By Lori Gooday Ware | January 16, 2022
The Fort Sill Apache Tribe — descendants of the Chiricahua and Warm Springs Apaches — applaud Sens. Martin Heinrich and Ben Ray Luján’s efforts in reintroducing legislation to designate portions of the Gila and San Francisco rivers and their tributaries as Wild and Scenic. This legislation, if passed, will protect an irreplaceable natural resource for future generations of New Mexicans.
The Fort Sill Apache Tribe is the successor to the Chiricahua Apache — made up of a combination of the Gila, Mogollon, Mimbres, Copper Mine and Warm Spring Apaches — who once held the Aboriginal and Indian Title to over 14 million acres of land that included much of southwestern New Mexico and southeastern Arizona until the forced removal of the entire tribe as prisoners of war in 1886.
Much of the Gila and San Francisco rivers, along with the Gila National Forest and Wilderness, are located within the Fort Sill Apache Tribe’s original 14-million-acre settlement area. A section of the Gila River, which is of great spiritual importance to our Apache people, runs through the former reservation boundaries of the Gila Reserve, a reservation set aside for the Fort Sill Apache Tribe predecessors in New Mexico in 1861.
The waters of the Gila River flow from the slopes of our sacred mountains and are the location of traditional ceremonies that we still practice today. The artifacts found in places like Mogollon Box — one of the river segments included in the legislation — can never be replaced.
The clock is ticking to preserve these sacred sites.
The lands surrounding the Gila and San Francisco rivers provide a historical roadmap to our ancestors who lived on these lands hunting and harvesting throughout the region to provide food for their families. The evidence of our ancestors’ way of life is etched into stone, in the petroglyphs and pictographs that can be seen even today. These are more than historical and archaeological resources — they are a reminder of who we are and how far we have come.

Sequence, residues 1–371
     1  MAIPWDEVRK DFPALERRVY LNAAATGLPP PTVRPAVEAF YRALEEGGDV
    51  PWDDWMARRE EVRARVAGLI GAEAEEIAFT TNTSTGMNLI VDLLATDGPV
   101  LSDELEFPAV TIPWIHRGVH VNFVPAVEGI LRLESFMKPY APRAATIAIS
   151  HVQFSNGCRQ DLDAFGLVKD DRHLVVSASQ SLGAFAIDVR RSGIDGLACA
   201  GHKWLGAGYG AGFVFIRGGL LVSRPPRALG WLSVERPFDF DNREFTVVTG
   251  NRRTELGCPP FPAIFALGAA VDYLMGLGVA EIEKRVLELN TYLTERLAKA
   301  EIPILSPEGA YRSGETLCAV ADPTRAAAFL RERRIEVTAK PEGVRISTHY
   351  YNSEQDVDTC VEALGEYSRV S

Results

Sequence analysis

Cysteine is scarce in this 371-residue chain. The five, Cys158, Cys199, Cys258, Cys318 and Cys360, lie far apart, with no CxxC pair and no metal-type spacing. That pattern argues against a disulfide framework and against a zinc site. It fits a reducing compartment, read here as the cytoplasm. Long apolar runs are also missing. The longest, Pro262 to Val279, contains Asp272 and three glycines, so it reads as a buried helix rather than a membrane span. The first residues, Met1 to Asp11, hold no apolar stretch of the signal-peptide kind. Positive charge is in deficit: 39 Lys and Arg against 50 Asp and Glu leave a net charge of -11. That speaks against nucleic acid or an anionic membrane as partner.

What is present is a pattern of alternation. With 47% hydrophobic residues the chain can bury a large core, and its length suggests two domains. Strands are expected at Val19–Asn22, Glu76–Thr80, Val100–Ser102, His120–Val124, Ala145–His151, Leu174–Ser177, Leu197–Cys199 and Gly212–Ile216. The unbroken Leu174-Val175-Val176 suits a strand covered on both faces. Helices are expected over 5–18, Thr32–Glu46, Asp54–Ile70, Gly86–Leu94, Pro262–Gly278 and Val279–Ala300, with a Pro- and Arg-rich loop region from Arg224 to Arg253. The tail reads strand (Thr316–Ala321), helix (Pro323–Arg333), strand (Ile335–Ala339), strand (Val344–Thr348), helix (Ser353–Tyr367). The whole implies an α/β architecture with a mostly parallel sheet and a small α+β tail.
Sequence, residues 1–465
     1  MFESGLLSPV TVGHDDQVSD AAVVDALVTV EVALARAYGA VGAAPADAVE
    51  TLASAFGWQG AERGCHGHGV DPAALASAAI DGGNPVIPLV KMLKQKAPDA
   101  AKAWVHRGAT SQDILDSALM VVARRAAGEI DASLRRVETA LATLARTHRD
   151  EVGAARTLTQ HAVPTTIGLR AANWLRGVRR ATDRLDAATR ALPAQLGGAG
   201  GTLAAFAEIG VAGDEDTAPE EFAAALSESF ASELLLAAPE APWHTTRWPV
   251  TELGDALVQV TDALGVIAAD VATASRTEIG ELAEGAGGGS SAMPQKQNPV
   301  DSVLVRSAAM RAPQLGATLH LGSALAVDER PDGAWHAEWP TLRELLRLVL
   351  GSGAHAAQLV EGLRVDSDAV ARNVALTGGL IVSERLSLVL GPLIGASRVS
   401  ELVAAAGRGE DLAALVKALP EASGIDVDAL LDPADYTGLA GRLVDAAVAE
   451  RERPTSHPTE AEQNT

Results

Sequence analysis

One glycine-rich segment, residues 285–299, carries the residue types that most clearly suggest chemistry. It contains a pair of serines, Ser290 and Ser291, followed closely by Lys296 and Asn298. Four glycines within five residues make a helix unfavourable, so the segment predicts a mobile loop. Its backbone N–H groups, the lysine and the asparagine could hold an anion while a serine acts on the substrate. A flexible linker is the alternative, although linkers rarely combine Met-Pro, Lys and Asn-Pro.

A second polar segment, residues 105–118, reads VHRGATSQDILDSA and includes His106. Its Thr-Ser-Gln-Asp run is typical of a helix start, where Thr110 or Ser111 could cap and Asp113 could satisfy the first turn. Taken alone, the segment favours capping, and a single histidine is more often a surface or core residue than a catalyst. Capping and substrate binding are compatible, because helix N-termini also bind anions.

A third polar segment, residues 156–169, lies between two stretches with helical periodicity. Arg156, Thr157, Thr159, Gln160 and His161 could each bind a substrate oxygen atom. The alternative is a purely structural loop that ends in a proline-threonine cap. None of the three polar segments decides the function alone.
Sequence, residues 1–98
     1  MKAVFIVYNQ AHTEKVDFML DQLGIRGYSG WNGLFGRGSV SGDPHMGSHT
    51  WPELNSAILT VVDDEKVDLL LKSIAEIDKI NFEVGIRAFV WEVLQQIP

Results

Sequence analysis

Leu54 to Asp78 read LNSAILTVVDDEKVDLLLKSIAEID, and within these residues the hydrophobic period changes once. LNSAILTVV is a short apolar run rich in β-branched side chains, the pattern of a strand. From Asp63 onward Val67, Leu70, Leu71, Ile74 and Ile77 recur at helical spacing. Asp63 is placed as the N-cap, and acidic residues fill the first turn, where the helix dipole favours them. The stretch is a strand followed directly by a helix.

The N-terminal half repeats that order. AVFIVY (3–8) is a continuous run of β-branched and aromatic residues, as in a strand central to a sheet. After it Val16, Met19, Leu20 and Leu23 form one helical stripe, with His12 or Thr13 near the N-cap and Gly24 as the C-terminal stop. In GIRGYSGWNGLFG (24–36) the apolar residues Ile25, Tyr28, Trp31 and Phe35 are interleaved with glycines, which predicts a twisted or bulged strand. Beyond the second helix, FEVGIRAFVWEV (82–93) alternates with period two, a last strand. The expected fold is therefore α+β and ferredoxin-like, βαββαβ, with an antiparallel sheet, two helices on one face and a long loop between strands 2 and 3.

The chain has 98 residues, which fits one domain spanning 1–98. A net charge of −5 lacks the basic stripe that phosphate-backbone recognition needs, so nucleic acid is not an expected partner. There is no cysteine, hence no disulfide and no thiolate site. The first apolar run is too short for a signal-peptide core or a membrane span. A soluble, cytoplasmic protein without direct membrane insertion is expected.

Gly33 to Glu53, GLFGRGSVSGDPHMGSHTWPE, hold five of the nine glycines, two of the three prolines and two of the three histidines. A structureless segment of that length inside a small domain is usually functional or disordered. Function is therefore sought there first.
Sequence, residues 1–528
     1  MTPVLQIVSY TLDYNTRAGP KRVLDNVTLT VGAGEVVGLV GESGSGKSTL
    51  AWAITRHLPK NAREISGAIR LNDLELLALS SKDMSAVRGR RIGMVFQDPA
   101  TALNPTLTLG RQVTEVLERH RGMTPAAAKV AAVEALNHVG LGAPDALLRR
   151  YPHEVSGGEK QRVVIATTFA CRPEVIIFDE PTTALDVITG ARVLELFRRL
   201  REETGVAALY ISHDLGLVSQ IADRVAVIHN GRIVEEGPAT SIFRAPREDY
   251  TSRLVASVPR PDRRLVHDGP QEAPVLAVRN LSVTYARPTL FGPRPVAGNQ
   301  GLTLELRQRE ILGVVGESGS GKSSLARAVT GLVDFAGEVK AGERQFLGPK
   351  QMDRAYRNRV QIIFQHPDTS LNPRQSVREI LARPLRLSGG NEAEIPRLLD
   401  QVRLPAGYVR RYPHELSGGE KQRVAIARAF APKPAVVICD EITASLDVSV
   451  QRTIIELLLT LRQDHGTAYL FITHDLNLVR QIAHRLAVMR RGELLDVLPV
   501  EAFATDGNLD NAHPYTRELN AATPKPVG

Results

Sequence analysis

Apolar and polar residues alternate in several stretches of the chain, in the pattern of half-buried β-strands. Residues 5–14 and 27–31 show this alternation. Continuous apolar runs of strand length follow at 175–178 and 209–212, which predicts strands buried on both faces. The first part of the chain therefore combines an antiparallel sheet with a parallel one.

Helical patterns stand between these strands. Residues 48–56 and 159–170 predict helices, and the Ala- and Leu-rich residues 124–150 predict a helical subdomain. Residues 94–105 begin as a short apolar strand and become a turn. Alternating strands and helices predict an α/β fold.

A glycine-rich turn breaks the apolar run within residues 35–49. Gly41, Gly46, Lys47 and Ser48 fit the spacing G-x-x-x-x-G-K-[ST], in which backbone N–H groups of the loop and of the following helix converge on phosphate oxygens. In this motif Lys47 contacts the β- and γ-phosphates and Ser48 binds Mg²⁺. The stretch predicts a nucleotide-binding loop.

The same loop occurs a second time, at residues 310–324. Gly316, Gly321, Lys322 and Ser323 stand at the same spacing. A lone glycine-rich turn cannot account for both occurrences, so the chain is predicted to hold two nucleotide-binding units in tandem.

Many of us still participate in the traditional uses of the land and the rivers that have been passed down for centuries. We continue to visit these rivers and their watersheds to connect to our past. The Gila and San Francisco’s flows sustain important Southwest riparian forest, which provides a sanctuary to some of the highest concentrations of noncoastal breeding birds in America and native fish populations, including the threatened Gila trout.
Two years ago, I sent a letter to Sen. Heinrich and then-Sen. Tom Udall expressing the Fort Sill Apache’s support of a Wild and Scenic designation for nearly 450 miles of the Gila and San Francisco rivers and their tributaries. The letter underscored my belief that it is our responsibility to protect these cultural, natural and historical resources for future generations, just as our ancestors cared for these lands and rivers before us.
As the tribe completes our repatriation back to New Mexico, I hope we will be able to stand with others to protect the beauty and biodiversity of the Gila and San Francisco rivers. Passing federal legislation to establish a Wild and Scenic designation for these waters is the first step we must take before that can happen.
Lori Gooday Ware is chairwoman, Fort Sill Apache.
This guest column originally appeared in the Santa Fe New Mexican.